The last point is more speculation than anything. There’s reason to believe that the L-visa or the intracompany transfer visa, will be abused to compensate for the loss of the TN status. It’s already a point of concern for this administration, along with their well known complaint against the H1-B visa program. Further strain on this program can be expected due to the loss of the TN status program, which will further justify (at least in Trump’s mind) the repeal of such visa programs as well. The repeal is still a question mark at this point, but the abuse of the L-visa is a foreseeable problem.

VC Market Concerns

There is a concern, at least personally, that this might cause uncertainty, not in the public markets, but in the private ones, particularly in VC. The absence of few, key employees, especially in the technical teams, can hurt startups like none other, especially because many early stage companies are in the process of developing procedures to tackle day to day operations. This uncertainty of key hires, talent retention, and talent acquisition, will have an impact, it’s just a matter of how big.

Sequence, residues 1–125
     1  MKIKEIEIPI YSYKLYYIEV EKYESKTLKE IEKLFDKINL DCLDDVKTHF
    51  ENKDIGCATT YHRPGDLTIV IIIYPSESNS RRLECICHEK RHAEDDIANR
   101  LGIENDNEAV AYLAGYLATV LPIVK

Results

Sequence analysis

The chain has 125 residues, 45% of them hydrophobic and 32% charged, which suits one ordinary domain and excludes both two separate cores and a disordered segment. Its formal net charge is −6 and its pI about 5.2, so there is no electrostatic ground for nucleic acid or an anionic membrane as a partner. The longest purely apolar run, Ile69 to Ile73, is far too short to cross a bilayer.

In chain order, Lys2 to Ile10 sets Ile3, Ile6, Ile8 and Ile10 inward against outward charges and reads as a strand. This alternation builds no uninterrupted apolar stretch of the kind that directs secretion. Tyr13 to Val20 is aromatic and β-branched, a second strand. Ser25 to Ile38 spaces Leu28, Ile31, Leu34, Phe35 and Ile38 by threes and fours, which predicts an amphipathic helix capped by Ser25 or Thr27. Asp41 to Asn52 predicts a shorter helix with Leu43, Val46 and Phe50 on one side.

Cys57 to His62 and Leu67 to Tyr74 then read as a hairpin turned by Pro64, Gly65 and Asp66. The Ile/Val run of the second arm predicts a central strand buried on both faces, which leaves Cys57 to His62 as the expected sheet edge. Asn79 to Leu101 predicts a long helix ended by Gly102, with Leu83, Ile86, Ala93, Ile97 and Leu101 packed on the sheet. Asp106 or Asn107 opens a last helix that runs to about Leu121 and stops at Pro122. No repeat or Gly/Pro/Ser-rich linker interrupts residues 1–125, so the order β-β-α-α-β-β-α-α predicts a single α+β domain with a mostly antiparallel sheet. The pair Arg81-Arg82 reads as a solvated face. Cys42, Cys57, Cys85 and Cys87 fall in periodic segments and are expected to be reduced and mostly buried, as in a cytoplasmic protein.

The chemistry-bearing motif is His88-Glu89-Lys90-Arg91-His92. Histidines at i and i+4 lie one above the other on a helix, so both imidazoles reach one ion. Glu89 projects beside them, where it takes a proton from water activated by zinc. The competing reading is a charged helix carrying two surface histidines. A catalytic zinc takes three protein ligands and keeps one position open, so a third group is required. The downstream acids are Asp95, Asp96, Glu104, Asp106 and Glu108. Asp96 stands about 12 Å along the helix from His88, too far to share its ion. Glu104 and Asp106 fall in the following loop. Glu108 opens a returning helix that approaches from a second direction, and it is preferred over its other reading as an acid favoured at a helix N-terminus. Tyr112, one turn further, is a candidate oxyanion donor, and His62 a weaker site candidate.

There’s reason to believe the impact won’t be too big, but that’s assuming that the talent pool in the US is large enough to offset the loss in foreign STEM talent.

Conversely, we can expect to see Canadian and Mexican companies and startups eat up those talents in an effort to bolster their scaling efforts. Moreover, the loss of NAFTA won’t mean an end to Canadian and Mexican companies entering the US. It’ll be a bit more difficult, but it definitely won’t hem the onslaught of interest in entering the US.

What I can say, definitively is this. NAFTA doesn’t seem like it’ll be for too long. It’s too bad that this isn’t making headlines like it used to.